Why return condensate to the boiler?

The best reasons are intertwined with process economics.

By Kelly Paffel, Swagelok Company

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Figure 1. Latent and sensible energy percentages.
Figure 1. Latent and sensible energy percentages.

Steam contains two types of energy: latent and sensible. When steam is supplied to a process application (heat exchanger, coil, tracer, etc.) the steam vapor releases the latent energy to the process fluid and condenses to a liquid condensate. The condensate retains the sensible energy the steam had. The condensate can have as much as 16% of the total energy in the steam vapor, depending on the pressure (Figure 1).

Figure 2. This is an example of a condensate return tank that was designed to meet today’s industrial standards.
Figure 2. This is an example of a condensate return tank that was designed to meet today’s industrial standards.

One of highest return on investments is to return condensate to the boiler. As fuel costs continue to rise, it’s imperative to focus on recovering condensate in every industrial steam operation.

Condensate contains not only water, but also boiler treatment chemicals and the energy transferred during combustion. Condensate, therefore, needs to be returned to the boiler to:

  • Improve energy efficiency
  • Reduce chemical cost
  • Reduce make-up water costs
  • Reduce sewer system disposal costs
  • Meet environmental regulations
Figure 3. A totally insulated condensate system can pay for itself in thermal efficiency.
Figure 3. A totally insulated condensate system can pay for itself in thermal efficiency.

Unfortunately, many industrial plants waste the condensate from the steam system and aren’t returning condensate to the boiler plant. Condensate being returned still loses thermal energy because of uninsulated tanks, condensate pipe, valves and fittings. The best practice for condensate systems is to insulate any device in the condensate system to prevent such losses (Figure 3).

If condensate isn’t returned to the boiler, the steam system must make up the loss with cold, untreated, raw water that has to be prepared for boiler operation. This preparation has a cost. The make-up water also contains substantially less BTU content that must be raised in the deaerator or atmospheric feed water heater. This energy addition adds even more cost to the operation. The raw water has to be chemically prepared for the boiler operation, which is an added cost.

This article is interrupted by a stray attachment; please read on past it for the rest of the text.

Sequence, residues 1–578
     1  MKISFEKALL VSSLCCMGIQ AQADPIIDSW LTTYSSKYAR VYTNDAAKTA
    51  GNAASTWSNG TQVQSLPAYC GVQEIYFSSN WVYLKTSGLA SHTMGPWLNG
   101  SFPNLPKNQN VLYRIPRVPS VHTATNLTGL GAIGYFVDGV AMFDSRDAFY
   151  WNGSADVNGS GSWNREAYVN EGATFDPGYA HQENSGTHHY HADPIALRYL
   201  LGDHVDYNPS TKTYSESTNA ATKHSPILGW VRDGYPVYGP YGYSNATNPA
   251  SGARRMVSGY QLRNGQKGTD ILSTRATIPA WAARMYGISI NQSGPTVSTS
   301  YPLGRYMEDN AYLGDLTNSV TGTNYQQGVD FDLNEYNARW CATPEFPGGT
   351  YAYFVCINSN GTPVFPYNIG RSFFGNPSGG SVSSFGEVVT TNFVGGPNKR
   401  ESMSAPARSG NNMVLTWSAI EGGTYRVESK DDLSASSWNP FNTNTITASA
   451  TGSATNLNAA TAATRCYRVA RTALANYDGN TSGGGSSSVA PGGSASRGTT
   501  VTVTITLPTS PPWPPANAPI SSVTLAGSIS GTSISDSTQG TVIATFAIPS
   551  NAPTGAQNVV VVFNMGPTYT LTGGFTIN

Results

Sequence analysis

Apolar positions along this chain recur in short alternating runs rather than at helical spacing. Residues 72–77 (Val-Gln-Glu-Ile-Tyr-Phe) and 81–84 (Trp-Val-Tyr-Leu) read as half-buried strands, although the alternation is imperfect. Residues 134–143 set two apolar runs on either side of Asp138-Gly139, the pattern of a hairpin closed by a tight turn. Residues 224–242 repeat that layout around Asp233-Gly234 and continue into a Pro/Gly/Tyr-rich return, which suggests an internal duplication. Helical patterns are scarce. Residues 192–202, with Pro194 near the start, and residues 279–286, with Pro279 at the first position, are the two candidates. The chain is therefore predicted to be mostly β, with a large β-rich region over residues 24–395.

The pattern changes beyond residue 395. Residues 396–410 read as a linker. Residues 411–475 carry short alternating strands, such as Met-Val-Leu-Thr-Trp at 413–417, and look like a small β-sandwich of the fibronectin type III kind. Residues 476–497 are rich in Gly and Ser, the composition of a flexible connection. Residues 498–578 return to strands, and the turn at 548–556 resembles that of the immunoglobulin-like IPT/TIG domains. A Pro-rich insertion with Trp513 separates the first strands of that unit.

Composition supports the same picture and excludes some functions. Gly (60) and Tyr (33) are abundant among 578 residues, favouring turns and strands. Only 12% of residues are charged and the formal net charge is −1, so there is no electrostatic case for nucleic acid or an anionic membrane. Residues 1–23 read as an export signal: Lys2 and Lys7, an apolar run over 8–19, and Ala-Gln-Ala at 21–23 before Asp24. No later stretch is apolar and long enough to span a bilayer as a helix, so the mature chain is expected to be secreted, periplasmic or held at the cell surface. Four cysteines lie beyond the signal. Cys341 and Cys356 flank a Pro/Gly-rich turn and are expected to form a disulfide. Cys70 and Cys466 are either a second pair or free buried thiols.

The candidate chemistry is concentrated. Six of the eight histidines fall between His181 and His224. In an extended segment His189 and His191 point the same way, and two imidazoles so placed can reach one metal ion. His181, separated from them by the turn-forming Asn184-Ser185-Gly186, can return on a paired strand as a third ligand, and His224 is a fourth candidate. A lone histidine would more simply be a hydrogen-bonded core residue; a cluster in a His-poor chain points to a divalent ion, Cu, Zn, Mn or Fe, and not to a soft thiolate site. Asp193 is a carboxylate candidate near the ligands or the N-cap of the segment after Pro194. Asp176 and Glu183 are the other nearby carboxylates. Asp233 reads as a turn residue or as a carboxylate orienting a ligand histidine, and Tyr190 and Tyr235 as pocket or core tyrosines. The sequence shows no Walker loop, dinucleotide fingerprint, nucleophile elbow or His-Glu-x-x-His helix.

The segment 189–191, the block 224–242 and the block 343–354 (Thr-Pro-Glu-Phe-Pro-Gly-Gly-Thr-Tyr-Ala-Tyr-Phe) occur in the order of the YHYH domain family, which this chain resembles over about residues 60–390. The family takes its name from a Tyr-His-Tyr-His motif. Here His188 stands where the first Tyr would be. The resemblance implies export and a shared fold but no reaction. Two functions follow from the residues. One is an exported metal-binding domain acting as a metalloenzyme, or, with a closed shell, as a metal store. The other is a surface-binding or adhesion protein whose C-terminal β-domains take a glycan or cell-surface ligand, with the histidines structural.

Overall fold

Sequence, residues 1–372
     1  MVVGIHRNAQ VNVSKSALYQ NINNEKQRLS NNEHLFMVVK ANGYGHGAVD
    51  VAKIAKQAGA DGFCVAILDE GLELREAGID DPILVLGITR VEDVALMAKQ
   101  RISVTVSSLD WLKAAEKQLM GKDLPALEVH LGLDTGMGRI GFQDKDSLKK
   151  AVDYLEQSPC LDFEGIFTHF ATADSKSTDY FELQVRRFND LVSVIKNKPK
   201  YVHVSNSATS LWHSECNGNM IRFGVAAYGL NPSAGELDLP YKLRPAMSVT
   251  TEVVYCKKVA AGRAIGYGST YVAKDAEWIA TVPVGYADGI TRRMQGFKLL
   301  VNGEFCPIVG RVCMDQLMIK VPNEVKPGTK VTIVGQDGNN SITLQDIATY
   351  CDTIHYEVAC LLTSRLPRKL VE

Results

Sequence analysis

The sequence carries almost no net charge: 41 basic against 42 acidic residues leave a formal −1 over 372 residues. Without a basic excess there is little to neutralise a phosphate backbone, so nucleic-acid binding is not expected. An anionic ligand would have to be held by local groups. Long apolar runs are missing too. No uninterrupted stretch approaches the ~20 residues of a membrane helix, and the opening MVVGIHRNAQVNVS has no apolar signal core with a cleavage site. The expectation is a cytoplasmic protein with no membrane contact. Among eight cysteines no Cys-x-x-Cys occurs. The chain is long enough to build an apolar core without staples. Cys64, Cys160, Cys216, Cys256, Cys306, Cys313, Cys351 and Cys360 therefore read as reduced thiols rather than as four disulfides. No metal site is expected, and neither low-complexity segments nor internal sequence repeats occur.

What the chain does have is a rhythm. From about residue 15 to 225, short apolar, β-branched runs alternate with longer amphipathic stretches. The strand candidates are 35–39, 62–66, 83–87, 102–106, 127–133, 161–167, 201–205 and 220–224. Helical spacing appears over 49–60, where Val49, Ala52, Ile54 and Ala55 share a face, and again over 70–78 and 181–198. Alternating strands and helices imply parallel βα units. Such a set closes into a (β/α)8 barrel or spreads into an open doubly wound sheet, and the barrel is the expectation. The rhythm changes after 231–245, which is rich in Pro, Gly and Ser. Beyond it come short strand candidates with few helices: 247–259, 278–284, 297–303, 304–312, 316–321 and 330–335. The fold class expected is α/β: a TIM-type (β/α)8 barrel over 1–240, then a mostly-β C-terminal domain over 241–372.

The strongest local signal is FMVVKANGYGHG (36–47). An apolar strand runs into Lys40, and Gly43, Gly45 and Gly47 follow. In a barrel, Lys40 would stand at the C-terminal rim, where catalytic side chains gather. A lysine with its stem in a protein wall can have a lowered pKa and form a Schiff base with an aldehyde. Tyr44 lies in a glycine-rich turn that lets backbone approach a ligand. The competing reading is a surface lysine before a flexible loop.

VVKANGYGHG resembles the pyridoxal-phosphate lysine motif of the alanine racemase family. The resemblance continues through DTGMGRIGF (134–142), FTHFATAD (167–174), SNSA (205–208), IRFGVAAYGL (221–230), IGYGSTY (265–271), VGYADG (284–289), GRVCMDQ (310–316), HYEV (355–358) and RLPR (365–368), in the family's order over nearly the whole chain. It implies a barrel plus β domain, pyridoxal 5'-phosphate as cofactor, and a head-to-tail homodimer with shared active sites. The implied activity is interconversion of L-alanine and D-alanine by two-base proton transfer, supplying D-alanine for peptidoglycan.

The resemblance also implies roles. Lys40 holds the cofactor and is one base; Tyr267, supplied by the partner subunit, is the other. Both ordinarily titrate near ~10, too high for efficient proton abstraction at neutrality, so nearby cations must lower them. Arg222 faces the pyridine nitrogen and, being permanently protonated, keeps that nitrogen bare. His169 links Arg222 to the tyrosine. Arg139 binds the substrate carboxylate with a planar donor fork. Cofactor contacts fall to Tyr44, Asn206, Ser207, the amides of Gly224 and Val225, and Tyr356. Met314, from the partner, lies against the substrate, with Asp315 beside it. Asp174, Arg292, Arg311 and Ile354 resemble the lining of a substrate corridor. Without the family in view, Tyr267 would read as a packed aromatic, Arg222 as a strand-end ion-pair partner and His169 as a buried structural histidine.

Justification to return condensate

With high energy costs, you must return as much condensate as possible to the boiler plant for reuse. The benchmark for optimal condensate return is as high as 90%. This is possible if the plant doesn’t use direct steam injection for process applications.

Below is an illustration of the potential savings of a 44,000 lb/hr, 150 psig steam system with no condensate returned to the boiler plant:

Average steam flow (lbs per hr) 44,000
Unloaded fuel cost ($ per MBTU) 15.3
Operation (hr/yr) 8,760
Operating steam pressure (psig) 150
Steam temperature (°F) 366
Steam total energy (hg) BTU/lb 1195.1
Makeup water temperature (ºF) 55
Makeup water BTU content (hm) BTU/lb 23
Condensate return temperature (ºF) 212
Returned condensate energy (hc) BTU/lb 180.33
Benchmark fraction of condensate returned (decimal percent) 0.90
Table 1. This is the basic data for the example calculation, which represents a typical operating steam system.

 

To determine potential energy losses per year, based on zero condensate returned to the boiler point, follow the calculation below:

  1. (hc – hm) = energy loss per lb of condensate
  2. (180.33 – 23) = 157.33 BTU per lb of condensate
  3. 44,000 lbs of steam = 44,000 lbs of condensate (90% return) = 39,600 lbs
  4. 39,600 lbs x 157.33 BTU per lb = 6,230,268 BTU/hr
  5. 6.230268 x $ 15.3 = $95.32/hr
  6. $95.32 x 8,760 hours per year = $835,003/yr

The potential savings is based on the energy required to elevate the make-up water to that of the condensate being returned. The calculation doesn’t take into account the savings from chemicals, water and sewer costs. It also doesn’t consider the effect of bringing condensate back at higher pressures, resulting in greater savings. The above calculation assumes no condensate is being returned to the boiler, but most industrial plants return at least a small percentage of condensate. Each plant should evaluate the cost of failing to return condensate and set forth a roadmap for returning condensate.

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